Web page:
Laois Presentation convent undergoing renovation

Lynda Kiernan


Lynda Kiernan

Laois Presentation convent undergoing renovation

The Presentation convent in Mountmellick. Photo: Denis Byrne

Mountmellick’s Presentation Convent is undergoing modernisation work to make it more comfortable for its elderly religious residents.

While many Presentation convents have closed with dwindling numbers of sisters, the Mountmellick building is planned to remain as a home to them.

The 19th century three storey convent is on Sarsfield Street beside St Joseph’s Church.

It has been temporarily vacated by the ten Presentation sisters who live there while the renovation is underway.

Sr Mary McDermott and Sr Frances Crowe have responsibility for all of the properties owned by the Presentation sisters in the province.

Sr Mary explained the work to the Leinster Express.

“The outside of the building is staying as it is. We are making it suitable for the elderly sisters who live there,” she said.

The residents are staying in a Carlow convent.

“They are gone to Bagnalstown while it is being refurbished. They will return before the end of 2020,” Sr Mary said.

The work involves subdividing existing rooms on the first and second floors to create 14 ensuite bedrooms.

There will also be fire safety measures added to existing corridors and a renovation of the existing timber sash windows at the back of the convent.

The sisters came to Mountmellick back in 1854.

At that time the town’s Catholic population was poor and oppressed by the “the old spirit of bigotry and Protestant ascendancy”, according to an account on the parish website .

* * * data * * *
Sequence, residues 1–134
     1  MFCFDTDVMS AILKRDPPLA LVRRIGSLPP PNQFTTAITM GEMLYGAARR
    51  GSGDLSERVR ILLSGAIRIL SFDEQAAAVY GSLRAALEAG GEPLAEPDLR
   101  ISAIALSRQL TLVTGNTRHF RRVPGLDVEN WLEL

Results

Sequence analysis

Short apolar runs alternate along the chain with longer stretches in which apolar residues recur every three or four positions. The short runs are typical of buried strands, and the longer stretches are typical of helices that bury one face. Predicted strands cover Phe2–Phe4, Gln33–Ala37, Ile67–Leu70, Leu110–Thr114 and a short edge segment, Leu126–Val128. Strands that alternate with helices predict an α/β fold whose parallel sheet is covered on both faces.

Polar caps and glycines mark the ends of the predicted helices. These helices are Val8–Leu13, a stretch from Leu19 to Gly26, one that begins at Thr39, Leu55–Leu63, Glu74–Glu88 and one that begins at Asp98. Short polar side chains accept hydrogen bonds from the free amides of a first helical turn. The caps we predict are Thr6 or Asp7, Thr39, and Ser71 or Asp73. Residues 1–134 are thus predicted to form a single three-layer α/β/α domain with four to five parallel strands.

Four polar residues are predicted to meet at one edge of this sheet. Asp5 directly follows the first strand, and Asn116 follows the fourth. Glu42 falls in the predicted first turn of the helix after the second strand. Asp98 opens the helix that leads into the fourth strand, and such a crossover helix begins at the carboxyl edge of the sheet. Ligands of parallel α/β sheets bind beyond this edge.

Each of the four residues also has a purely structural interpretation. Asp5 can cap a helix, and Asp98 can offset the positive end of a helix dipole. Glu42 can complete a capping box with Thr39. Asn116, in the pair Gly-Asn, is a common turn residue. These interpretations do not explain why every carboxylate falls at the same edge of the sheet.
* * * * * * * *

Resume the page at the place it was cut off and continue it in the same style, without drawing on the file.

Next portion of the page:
A shot was even fired at a founding nun.

“Because of the prevailing anti-Catholic atmosphere they were seen as a threat. Two men in the grounds of the Sisters’ house deliberately fired a shot at Sr Ignatius who was standing inside a window, narrowly missing her but leaving the window shattered,” it recounts.

“An orange pole and flag was permanently raised opposite the site of the new convent and everyone entering the town had to pass under it,” the parish says.

The convent was built in 1863 on the site of a disused distillery.

It was funded with the help of many small donations from parishioners.

“ Two years elapsed before it could be occupied as there was no money to furnish it. A statue of the Immaculate Conception, placed at the highest point of the convent, caused quite a stir.

“A delegation of the ‘local ascendancy’ brought a petition to Dublin Castle to have the offending statue removed. The petition failed. Angry members then threatened to erect a statue of Queen Elizabeth right opposite – but it didn’t happen,” the website says.